At a Friday afternoon press conference, Chief Neil Mahan reads from a release, "his real intent becomes apparent, he is a rapist."
A rapist police have been tracking for seven years. They've mapped out six crime scenes.
Detective Marty Altstadt explains, "he often leaves the victim confused about whether the initial incident is burglary for items, or whether it is a sexual assault."
Victims report being raped in three of the cases. The other crimes are considered home invasions.
Despite that difference Altstadt says, "he does request items and cash and attempts to do that in a very specific way which is one of the things that tells us that the incidents are related."
The most recent incident is said to have happened on Green Valley Drive in Melissa Lornson's neighborhood.
"My husband works a lot of nights, and I am home alone with the baby a lot, so that is kind of shocking," responds Lornson upon hearing the news for the first time.
It is shocking because police say two victims can be found on her street. Dori Coplien also lives nearby, but feels differently.
"I am not worried at all," says Coplien. "When you look at the span of the time when this all started, I'm not sure if serial is the right word to use."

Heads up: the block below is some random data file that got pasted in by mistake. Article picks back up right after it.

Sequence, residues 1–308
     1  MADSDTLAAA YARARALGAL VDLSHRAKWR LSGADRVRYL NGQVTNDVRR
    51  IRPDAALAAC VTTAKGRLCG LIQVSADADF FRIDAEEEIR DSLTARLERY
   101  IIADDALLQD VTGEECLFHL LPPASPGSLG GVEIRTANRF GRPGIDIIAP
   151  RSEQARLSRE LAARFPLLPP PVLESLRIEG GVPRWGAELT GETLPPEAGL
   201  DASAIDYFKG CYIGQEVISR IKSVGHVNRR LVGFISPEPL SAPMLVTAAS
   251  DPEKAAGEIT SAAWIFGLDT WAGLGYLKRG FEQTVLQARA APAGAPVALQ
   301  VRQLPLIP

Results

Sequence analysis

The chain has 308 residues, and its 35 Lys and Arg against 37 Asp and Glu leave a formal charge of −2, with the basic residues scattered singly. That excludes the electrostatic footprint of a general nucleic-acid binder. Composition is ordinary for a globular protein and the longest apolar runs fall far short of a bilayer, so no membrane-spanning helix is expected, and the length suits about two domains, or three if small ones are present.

But serial rapist is how police describe their suspect, and they want people to lock doors and close windows at night.
"My home is in the vicinity of some of these victims. I'm giving the same kind of advice to my wife," says Chief Mahan.
Mahan has also ordered that 15 officers work these cases full time.
He says, "I'm optimistic that the community is going to respond, we are going to get the information that we need, and we are going to solve these cases."
The suspect is described as a man in his thirties with light colored hair and blue eyes, 5'9 to 6'0 with a muscular, stocky build. Anyone with information is asked to call the 'Stop the Rapes' hot line at 608-755-3146.